Russia’s electronic warfare capability ‘exposed’ in war in Ukraine; Is Putin’s tech-savvy army losing the EW battle?

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Media coverage of the ongoing war in Ukraine is largely focused on the use of missiles, artillery planes and armored vehicles, etc., but there is an invisible war between the two sides for spectrum control electromagnetic.

Lacking the visual or emotional impact of explosions caused by rockets or destruction caused by bullets from machine guns and rifles, electronic warfare (EW) has not received much mainstream media attention, however. , there has been a lot of discussion among experts about how the war in the field of electromagnetic spectrum (ESD) has progressed in Ukraine.

Russia, considered a world leader in advanced electronic warfare capabilities and tactics, has so far failed to put its full power into ESD, which has left many experts baffled.

“The apparent lack of EW frontline systems is puzzling to those of us who have followed Russian EW tactics and concepts,” said Samuel Bendett, deputy principal researcher at the Center for a New American Security (CNA).

A military radar screen scans air traffic. 3D rendered illustration by vchalup (123RF)

The Chief of the General Staff of the Russian Armed Forces, General Valeri Gerasimov, ordered Russian combat units to be supported by battalions and brigades EW specialized in the Ukrainian conflict with their missions, including jamming, neutralization and blocking of enemy communications and navigation and positioning systems.

Russian EW systems deployed in Ukraine include the RB-341® “Leer-3” supported by Orlan-10 drones, the most advanced RB-301B “Borisoglebsk-2” electronic suppression system, and the RB-636 “Svet -KU” and the RB-109A “Bylina” and Tirada-2.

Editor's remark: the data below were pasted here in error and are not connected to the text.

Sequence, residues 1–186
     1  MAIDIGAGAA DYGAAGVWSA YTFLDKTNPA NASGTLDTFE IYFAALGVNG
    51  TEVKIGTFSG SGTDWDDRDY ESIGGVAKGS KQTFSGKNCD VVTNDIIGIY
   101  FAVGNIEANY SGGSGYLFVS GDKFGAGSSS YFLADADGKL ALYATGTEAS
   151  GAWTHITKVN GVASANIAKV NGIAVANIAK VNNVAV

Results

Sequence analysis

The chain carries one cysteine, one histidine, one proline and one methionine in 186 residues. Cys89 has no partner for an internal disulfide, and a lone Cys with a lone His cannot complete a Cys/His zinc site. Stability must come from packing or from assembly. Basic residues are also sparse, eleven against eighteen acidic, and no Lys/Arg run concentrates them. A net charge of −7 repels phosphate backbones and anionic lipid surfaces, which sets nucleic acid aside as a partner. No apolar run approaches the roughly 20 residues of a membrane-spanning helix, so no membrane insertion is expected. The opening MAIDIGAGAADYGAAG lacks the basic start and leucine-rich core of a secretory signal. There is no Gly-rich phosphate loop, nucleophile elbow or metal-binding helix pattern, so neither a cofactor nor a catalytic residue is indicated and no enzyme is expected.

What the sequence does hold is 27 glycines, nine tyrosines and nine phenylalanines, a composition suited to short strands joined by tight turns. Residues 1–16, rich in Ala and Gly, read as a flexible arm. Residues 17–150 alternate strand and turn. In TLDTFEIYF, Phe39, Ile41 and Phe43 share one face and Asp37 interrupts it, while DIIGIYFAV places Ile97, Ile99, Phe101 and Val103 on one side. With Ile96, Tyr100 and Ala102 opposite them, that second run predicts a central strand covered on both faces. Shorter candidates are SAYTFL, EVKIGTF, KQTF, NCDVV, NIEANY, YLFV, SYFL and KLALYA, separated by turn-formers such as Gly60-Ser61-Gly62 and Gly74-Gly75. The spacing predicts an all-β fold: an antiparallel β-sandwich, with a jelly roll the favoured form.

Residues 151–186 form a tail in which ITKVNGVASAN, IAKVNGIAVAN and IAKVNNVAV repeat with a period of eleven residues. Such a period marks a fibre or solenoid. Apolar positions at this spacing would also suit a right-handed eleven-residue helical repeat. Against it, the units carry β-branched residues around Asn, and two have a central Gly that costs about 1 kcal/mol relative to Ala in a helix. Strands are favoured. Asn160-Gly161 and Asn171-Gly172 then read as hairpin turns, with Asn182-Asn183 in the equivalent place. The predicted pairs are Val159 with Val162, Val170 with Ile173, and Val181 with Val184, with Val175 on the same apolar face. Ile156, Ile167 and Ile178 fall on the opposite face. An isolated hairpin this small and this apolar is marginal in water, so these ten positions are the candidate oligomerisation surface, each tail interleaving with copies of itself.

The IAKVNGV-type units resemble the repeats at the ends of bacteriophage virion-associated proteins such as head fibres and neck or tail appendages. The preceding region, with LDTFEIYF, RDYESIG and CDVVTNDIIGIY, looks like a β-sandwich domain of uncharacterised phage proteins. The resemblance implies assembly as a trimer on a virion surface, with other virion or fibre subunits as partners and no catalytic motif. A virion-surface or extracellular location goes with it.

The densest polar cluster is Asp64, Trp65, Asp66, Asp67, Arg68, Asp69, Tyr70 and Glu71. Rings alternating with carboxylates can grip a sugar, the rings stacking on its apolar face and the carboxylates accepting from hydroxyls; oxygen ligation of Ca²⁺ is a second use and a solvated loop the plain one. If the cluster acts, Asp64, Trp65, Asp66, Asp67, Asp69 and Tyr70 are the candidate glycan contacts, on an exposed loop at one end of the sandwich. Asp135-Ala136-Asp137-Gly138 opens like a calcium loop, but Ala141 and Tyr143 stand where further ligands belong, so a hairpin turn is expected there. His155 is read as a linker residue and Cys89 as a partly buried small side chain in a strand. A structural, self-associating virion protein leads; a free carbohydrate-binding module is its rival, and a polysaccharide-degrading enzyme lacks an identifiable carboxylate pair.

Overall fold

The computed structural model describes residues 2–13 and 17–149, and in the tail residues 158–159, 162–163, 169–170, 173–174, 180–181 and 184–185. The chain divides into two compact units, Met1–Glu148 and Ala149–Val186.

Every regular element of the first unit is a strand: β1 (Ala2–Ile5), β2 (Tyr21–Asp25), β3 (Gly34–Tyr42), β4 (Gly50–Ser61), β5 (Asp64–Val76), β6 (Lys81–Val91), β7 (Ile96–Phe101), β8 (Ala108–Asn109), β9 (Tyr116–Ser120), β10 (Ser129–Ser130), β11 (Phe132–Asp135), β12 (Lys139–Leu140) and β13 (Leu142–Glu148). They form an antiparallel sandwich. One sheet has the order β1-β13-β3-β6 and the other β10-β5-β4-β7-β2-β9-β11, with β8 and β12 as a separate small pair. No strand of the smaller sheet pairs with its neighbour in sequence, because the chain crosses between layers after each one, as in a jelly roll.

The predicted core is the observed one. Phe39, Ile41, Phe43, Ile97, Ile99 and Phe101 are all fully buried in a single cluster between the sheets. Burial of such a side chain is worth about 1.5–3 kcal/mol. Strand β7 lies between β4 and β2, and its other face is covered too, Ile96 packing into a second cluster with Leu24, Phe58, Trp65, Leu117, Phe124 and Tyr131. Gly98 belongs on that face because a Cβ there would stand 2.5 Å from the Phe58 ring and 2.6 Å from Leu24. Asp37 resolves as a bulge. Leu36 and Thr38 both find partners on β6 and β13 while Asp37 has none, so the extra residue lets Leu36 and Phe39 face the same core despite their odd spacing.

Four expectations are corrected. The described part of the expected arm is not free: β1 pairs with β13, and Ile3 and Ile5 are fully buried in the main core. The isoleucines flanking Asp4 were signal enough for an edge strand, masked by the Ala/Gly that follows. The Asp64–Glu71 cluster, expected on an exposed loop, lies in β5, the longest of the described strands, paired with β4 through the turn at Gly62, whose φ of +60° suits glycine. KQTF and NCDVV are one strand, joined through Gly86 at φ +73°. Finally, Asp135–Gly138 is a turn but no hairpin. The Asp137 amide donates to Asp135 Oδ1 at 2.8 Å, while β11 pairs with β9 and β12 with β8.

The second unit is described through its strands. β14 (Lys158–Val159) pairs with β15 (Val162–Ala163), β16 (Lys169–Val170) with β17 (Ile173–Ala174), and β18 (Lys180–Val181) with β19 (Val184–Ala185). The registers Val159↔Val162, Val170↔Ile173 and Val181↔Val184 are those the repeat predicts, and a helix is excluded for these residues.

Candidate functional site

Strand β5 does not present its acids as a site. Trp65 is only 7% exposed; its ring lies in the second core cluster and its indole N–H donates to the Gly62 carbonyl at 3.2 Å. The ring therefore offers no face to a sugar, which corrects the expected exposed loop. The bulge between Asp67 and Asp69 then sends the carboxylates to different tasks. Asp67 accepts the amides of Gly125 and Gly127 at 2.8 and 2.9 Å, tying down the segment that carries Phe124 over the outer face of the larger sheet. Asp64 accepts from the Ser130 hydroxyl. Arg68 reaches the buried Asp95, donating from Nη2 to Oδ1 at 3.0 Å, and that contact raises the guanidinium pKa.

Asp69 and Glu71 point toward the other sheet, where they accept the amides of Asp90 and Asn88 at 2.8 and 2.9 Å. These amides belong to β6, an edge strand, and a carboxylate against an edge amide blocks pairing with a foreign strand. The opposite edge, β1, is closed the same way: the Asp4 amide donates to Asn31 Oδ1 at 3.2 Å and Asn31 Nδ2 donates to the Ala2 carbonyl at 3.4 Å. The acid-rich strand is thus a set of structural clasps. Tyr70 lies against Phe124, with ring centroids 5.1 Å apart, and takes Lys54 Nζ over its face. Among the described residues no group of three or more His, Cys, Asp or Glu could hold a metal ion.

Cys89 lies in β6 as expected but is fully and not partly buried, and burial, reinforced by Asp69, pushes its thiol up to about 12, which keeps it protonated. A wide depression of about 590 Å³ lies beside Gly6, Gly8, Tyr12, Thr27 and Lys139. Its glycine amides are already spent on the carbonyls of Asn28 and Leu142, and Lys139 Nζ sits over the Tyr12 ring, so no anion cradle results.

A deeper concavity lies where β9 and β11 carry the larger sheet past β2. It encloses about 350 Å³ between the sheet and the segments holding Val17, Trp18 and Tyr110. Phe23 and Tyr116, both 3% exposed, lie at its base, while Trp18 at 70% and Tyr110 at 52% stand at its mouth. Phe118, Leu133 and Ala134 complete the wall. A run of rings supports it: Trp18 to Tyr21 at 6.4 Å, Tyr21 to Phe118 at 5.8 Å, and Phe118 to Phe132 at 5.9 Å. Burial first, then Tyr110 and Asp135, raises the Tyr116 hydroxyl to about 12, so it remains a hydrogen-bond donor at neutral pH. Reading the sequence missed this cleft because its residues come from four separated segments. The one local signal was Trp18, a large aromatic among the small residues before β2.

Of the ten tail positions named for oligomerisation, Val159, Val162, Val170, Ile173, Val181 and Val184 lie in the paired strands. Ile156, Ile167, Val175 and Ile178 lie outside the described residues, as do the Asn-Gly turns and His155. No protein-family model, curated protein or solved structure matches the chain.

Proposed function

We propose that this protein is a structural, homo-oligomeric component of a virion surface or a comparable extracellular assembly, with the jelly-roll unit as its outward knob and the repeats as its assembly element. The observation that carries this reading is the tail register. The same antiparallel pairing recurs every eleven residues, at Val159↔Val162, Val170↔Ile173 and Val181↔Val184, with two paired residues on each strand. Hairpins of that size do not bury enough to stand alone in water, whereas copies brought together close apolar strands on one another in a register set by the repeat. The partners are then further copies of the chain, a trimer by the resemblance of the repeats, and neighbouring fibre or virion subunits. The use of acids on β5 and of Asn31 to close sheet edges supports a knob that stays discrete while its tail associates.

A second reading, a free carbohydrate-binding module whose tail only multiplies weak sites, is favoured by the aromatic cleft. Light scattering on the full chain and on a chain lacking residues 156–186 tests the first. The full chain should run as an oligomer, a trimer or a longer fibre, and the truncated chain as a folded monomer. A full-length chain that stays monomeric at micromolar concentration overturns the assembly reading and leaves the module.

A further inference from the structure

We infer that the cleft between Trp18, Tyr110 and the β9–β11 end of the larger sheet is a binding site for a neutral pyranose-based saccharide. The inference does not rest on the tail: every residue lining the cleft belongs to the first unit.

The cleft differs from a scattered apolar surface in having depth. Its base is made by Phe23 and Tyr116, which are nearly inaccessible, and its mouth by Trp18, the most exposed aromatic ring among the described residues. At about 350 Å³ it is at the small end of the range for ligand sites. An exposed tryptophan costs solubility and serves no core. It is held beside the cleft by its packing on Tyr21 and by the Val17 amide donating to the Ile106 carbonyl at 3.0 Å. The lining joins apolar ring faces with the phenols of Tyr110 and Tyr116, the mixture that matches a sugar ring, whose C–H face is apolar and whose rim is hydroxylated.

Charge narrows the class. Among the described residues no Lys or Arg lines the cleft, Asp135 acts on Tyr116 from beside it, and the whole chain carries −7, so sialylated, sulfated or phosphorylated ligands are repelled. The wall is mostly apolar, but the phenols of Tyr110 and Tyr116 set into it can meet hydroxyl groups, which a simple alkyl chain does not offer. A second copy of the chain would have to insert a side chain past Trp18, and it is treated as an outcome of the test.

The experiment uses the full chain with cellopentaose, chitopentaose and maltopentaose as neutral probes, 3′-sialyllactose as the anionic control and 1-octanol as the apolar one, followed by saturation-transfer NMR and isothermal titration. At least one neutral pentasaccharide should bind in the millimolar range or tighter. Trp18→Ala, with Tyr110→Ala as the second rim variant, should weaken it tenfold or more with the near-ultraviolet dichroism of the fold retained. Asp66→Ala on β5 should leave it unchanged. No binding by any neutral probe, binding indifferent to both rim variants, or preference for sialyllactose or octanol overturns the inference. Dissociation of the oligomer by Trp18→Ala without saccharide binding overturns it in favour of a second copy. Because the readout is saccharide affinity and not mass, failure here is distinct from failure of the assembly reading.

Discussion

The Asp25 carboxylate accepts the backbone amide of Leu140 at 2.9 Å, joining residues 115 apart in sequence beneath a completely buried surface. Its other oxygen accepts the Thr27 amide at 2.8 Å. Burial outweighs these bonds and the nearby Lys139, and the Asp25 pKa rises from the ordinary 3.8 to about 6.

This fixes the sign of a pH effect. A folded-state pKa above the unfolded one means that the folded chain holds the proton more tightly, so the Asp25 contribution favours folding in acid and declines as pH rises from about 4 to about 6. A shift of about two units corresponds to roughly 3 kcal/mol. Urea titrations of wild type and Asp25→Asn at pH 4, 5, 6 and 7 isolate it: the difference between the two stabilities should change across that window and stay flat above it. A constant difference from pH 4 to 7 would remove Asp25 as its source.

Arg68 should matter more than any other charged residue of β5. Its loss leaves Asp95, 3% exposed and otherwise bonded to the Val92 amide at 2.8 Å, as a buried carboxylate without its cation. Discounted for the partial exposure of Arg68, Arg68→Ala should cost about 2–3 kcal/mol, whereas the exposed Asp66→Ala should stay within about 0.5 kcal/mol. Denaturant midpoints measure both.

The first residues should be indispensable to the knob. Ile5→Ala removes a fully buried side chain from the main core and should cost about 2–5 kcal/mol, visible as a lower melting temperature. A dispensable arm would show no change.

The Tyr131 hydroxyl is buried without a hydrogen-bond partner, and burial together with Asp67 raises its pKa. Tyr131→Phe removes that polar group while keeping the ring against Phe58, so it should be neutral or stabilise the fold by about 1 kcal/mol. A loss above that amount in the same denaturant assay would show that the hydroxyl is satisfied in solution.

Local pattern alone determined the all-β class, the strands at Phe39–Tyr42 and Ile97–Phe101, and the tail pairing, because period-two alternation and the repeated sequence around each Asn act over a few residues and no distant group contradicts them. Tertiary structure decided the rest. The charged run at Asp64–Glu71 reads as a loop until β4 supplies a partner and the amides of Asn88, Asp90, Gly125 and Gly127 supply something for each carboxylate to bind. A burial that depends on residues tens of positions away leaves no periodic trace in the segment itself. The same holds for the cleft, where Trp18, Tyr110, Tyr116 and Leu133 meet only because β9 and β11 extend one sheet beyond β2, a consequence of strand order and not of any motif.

RB-341В “Leer-3” in conjunction with Orlan-10 drones are aimed at intercepting satellite navigation signals, 3G, 4G communications and text messages, while RB-301B “Borisoglebsk-2” is intended to block Ukrainian military terrain. and the High Frequency (HF) and Ultra High Frequency (UHF) airborne radio channels, and the RB-636 “Svet-KU”, whose role is to locate and intercept radio signals.

While the RB-109A “Bylina” and Tirada-2 are used to degrade and jam communication satellite transmissions.

There is also the R-934B “Sinitsa” jamming station, capable of disrupting and if necessary even damaging the communication and guidance systems of satellites in low Earth orbit (LEO).

In addition to this, there are the 1RL257 “Krasukha-C4” and R-330Zh “Zhitel” automatic jamming stations for reconnaissance and electronic attack (EA) aimed at jamming long-range radar signals from AWACS E -3 of the US Air Force. Sentry and AEW E-2 Hawkeye airborne warning and control aircraft, attempting to locate Russian fighters in flight.

ucrania guerra
United States Air Force (USAF) E-3 Sentry AWACS